Alia Malek's often-powerful portrait of her Damascus home sheds light on the perils and pleasures of Syria's pre-war society, but also leaves questions unresolved, writes Eric Reidy.
When it comes to Western understandings of the Middle East, there is a strong tendency to project current conflicts and dysfunction backward in time and assume such things are somehow natural or inevitable. On Syria specifically, for many people, the uprising against Bashar al-Assad’s regime and the ensuing civil war were their first introduction to the country. Now, following eight years of horror, abuse, and disillusionment, it’s hard to imagine a time before, especially for those who do not have a direct memory of the place. With the fighting ostensibly drawing to a close, and a new, uncertain and dissatisfying status quo beginning to emerge, now seems like an appropriate time to look back, not just at the past eight years, but at the society that existed before being pulverized by war.
With this thought in mind, I eagerly started reading Alia Malek’s The Home That Was Our Country: A Memoir of Syria (Bold Type Books, 2017), which has received high praise from other reviewers. Malek is Syrian-American, born and raised in the United States. Growing up, she travelled to Damascus occasionally to visit family and, as an adult, spent time in the Middle East as a human rights lawyer and journalist. In the spring of 2011, with the first stirrings of unrest in Syria, Malek moved to Damascus. On the surface, she was there to oversee the restoration of her maternal grandmother Salma’s apartment and work on a book about the matriarch’s life. But Malek had other motivations as well. Following the revolutions in Tunisia and Egypt, she wanted to play a role, as she writes, “in recasting the nation as it transitioned (I hoped) from decades of stifling and corrupt dictatorship into something better for all its people.''
The Home That Was Our Country weaves together family and national history with Malek’s own experience living in Syria at a time when the country appeared to be on the cusp of change. Her grandmother Salma’s apartment is the central motif that is supposed to unite the different strands. In 1949, shortly after Syria gained its independence, Salma moved into the newly-built flat as a young bride. In 1970, the same year Hafez al-Assad came to power, the family moved to a bigger house, leasing the apartment to a tenant who took advantage of favorable rental laws to stay long after Malek’s family wanted him to leave. Finally, in 2010, the year before the Syrian uprising began, Malek’s parents were able to eject the unwanted tenant, paving the way for Malek to move to the country just as protesters were beginning to take to the streets demanding that their unwanted leader relinquish power.
Unfortunately, however, the book falls short of coalescing around the symmetry of these overlapping timelines. Instead, the different elements fit oddly with one another, often feeling only loosely related. At times, Malek veers off on tangents that seem to be part of a different story altogether. The result is a book with a confused identity: Is this a national history told through the experience of one family? Is it Malek’s memoir of reconnecting with the region and society her parents left behind? Or is it an overview of her experiences living in Damascus and reporting on the first two years of the Syrian uprising? All of these elements are there, but they aren’t fully developed or integrated. Ultimately, the central pillar, the motif of the apartment, falls to the background and the book never achieves cohesion.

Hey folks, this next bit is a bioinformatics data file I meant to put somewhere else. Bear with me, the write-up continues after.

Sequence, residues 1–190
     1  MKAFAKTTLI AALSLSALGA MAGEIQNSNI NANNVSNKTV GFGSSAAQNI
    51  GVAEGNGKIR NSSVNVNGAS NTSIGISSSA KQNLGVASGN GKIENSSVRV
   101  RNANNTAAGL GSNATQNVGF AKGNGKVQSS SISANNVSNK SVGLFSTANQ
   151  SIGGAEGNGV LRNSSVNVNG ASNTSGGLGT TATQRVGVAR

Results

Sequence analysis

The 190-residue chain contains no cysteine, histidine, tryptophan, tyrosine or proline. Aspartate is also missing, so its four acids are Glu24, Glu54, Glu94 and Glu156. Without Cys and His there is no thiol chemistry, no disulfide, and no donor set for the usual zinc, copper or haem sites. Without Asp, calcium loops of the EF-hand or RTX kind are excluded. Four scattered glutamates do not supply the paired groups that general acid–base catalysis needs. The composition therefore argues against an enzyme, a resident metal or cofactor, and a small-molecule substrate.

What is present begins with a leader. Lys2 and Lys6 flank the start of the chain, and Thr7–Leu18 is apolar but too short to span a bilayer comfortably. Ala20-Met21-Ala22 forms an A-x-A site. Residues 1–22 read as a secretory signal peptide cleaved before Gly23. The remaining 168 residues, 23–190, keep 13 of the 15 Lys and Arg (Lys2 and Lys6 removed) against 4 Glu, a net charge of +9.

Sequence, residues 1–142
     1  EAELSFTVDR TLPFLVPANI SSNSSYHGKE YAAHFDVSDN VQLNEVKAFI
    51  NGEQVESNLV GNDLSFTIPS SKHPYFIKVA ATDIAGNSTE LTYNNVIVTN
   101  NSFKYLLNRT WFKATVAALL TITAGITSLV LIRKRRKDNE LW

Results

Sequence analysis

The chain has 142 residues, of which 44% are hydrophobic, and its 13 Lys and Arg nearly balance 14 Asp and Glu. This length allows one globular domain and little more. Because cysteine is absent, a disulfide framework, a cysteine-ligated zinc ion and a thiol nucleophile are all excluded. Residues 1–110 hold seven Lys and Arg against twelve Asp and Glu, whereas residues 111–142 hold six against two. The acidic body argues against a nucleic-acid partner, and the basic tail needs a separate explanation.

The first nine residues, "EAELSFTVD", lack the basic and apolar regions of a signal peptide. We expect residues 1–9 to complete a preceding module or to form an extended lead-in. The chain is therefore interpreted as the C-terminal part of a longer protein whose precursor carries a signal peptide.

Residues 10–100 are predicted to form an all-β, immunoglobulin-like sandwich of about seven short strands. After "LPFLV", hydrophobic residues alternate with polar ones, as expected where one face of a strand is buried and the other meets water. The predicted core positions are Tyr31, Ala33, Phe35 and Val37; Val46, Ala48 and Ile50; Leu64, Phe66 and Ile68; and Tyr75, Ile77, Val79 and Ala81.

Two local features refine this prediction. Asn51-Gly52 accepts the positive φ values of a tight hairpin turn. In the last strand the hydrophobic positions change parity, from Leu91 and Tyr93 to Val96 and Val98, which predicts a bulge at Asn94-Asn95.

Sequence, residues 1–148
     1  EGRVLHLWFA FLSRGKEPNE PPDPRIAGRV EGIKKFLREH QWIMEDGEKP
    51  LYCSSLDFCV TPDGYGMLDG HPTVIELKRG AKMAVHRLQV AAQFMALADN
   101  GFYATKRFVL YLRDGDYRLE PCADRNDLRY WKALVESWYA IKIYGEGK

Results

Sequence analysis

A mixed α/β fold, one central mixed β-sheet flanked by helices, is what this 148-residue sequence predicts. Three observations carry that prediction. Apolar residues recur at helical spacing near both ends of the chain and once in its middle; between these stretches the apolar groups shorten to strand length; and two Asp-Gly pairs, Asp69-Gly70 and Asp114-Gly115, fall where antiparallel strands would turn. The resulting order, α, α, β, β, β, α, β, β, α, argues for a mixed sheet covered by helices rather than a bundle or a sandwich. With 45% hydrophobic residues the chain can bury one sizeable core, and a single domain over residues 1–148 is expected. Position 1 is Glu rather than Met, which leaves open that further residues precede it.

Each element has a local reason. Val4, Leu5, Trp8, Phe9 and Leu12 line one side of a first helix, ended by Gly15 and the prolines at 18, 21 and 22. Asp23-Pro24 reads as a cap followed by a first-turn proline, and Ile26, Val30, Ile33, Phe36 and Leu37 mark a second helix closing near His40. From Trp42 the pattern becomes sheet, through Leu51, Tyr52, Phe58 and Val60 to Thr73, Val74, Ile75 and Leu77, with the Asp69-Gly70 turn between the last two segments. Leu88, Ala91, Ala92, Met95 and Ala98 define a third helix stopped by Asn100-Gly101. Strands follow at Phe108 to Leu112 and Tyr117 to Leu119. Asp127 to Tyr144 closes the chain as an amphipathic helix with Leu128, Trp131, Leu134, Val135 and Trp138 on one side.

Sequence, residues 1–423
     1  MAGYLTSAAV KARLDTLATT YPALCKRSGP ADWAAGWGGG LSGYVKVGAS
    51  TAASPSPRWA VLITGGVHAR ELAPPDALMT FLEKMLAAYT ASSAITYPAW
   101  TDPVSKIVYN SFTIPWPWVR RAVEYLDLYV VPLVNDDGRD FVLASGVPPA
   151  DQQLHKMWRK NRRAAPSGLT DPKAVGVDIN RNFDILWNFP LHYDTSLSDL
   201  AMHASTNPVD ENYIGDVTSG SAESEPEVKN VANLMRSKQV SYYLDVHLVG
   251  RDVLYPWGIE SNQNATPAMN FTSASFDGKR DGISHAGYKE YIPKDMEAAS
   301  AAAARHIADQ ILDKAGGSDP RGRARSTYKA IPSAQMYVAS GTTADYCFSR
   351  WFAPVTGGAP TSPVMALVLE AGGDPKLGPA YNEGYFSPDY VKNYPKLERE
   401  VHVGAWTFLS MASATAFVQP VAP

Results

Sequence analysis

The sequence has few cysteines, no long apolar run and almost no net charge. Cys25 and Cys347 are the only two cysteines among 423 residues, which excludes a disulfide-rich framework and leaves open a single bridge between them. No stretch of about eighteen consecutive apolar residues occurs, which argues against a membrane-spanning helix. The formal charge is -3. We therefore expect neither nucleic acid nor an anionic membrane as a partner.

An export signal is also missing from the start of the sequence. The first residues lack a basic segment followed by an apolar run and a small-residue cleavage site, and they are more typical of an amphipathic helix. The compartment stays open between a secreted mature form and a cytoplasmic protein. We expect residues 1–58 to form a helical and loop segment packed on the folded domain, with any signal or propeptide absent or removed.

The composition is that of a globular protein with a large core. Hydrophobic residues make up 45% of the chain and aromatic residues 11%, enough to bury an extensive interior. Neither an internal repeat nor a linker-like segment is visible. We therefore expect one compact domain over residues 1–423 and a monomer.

To be sure, there are moments when the narrative flows and the details of the story are poignant and powerful. The social world of middle- and upper-middle-class Syrians in Damascus during the early days of independence, when Salma first moved to the city, comes alive with descriptions of the streets where “a person could find just about everything one might need” from fruits, vegetables, and meat from the local butcher to sweet and savory roasted nuts and medicine from the pharmacy. Salma’s neighborhood and building are “a microcosm of the people who made up new and old Syrian society […] There were Turks, Kurds, Arabs—and now Palestinians—all of different classes, some Christian and others Muslim […] There was never a question of whether they’d be able to coexist.” Salma hosts salons in her living room where women from near and far trade news, sip coffee, and ask their well-connected hostess to help sort out problems.
Against a backdrop of military coups and regional upheaval, life proceeds with surprising normalcy. But after the Baath Party takes power, the corruption, oppression, and fear that come to define Syria under the Assads begin to creep in. When recounting the story of her parents' wedding in 1974, Malek notes that the owner of the restaurant where the reception took place was later imprisoned. His crime? Refusing to let a relative of the president take a cut of his business. “Under these common arrangements, an entrepreneur of a successful endeavor would have to share his profit with the Assad family or a member of his inner circle, even though the latter wouldn’t provide capital or ideas or income,” Malek writes.
By the time her mother leaves a few months after the wedding to join her husband in the United States, where he is studying medicine, Syria has already become a place where “everyone knew that few who left […] would come back.” Malek’s mother and father join the ranks of Syrians who intended to return, but end up “spread across the globe because there was no way to dissent from what the regime demanded of people and no way to choose your own path based on your own merit.” At the same time, many Syrians, including Malek’s relatives who stayed behind, “didn’t feel directly implicated [in the regime’s crimes]; it was all happening to other people. In this way, I think many Syrians learned to tolerate the regime’s voracious greed for absolute power: they were too busy being grateful it wasn’t them.”